France’s life sciences industry is falling behind its European neighbours, its growth deeply hampered, the French life sciences think tank G5 Santé claims, by abusive paybacks. While the government has demonstrated its willingness to take steps towards levelling its pricing barometers and in so doing tackle medicine shortages and build the country’s medicine sovereignty, the industry remains sceptical.


France’s Downturn

At the October 10th annual meeting of G5 Santé, the French association that represents the interests of some of France’s principal life sciences companies, including Guerbet, Ipsen, LFB, Pierre Fabre, Sanofi, Servier, Théa and bioMérieux, the group unveiled a study demonstrating the adverse effects of France’s drug pricing environment.

If we want to reindustrialize France we need to invest in innovation

Roland Lescure, Minister of the Economy, Finance and Industrial and Digital Sovereignty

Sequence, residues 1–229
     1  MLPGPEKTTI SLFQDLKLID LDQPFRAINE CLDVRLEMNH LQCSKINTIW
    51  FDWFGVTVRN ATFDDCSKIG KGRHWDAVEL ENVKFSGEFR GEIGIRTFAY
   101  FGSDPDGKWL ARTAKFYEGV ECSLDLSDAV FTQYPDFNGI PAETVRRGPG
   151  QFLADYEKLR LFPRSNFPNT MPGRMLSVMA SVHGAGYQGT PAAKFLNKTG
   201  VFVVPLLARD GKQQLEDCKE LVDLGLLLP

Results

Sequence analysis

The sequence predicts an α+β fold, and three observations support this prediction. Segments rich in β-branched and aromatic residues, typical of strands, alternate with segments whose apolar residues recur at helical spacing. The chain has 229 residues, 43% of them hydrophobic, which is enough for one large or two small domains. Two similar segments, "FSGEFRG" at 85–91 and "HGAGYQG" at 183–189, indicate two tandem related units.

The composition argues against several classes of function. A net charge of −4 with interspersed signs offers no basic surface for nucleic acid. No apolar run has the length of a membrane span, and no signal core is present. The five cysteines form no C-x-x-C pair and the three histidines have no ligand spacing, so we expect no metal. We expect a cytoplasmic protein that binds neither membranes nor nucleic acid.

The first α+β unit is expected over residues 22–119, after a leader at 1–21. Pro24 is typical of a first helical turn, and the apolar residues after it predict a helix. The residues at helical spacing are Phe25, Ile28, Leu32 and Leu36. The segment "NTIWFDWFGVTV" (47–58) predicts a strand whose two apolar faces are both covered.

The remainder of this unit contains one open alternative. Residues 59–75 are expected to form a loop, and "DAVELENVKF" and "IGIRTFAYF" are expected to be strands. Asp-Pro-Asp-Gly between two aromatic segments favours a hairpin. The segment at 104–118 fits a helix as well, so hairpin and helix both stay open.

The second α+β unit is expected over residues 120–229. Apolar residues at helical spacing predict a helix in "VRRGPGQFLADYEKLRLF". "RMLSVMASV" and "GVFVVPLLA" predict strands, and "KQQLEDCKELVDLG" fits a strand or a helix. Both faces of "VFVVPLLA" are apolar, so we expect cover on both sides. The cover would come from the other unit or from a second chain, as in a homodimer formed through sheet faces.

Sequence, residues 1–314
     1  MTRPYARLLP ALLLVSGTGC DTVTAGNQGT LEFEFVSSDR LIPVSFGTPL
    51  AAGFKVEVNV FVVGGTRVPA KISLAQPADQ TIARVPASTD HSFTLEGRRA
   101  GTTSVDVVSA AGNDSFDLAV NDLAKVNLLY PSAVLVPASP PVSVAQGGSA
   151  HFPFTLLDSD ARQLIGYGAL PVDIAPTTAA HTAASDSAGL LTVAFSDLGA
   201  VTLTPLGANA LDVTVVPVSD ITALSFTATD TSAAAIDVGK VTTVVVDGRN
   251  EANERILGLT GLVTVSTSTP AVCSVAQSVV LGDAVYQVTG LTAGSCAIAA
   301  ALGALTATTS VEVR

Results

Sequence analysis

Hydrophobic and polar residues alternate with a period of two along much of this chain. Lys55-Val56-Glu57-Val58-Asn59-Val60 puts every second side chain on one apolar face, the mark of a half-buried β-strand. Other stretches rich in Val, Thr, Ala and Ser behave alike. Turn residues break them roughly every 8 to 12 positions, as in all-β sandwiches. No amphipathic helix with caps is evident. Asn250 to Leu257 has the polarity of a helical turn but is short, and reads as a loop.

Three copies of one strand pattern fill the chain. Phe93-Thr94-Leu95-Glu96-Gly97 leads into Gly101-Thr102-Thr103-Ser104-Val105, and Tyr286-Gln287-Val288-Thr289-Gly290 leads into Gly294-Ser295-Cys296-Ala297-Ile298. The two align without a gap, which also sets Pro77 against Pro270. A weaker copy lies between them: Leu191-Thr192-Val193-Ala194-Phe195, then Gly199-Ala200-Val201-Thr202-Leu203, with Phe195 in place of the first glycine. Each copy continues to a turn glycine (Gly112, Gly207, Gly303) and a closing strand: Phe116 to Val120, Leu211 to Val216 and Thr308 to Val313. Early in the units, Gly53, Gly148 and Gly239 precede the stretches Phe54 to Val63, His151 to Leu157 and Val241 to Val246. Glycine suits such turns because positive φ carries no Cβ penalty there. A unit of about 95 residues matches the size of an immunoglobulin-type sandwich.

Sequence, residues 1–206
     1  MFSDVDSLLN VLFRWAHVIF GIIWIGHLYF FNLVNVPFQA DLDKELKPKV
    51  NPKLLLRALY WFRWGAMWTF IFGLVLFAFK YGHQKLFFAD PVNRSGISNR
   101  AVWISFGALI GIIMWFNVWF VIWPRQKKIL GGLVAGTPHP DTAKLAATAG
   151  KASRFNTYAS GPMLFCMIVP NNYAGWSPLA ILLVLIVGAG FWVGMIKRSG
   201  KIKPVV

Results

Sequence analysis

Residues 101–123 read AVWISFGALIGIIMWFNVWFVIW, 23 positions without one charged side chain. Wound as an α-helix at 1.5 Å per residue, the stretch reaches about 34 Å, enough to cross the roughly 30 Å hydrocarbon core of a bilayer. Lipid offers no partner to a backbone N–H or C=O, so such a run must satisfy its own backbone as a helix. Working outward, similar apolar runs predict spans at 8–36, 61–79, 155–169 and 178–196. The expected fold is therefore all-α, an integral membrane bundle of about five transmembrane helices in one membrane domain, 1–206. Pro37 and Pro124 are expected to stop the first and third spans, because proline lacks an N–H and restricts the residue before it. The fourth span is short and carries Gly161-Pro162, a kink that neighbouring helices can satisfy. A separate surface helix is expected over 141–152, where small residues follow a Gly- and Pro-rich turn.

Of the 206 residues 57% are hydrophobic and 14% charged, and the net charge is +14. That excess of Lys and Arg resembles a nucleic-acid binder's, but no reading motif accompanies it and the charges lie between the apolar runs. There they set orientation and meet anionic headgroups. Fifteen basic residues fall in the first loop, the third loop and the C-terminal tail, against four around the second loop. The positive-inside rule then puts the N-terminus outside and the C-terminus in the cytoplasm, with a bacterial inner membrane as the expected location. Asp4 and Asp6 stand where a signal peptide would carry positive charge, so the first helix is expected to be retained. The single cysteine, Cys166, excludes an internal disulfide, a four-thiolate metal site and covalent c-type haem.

“France is falling behind,” said Jacques Marquay, director of BDO, the consulting firm that carried out the study. In effect, according to the study’s findings, France has not kept pace with its neighbours in terms of exports and trade balance and in a comparison with ten other European countries, France moved from 5th place in 2010 to 9th place in 2021.

Between 2010 and 2020, the study shows that the regulated medicine market experienced an average annual growth of close to zero. Following that period of stagnation, net growth rose again in 2022 by 4.1 percent, a result G5 Santé says aligns with the efforts of the 2021 efforts to boost French innovation and healthcare sovereignty. However, the macroeconomic context has since changed with inflation in France shooting up to more than 5 percent over the past two years.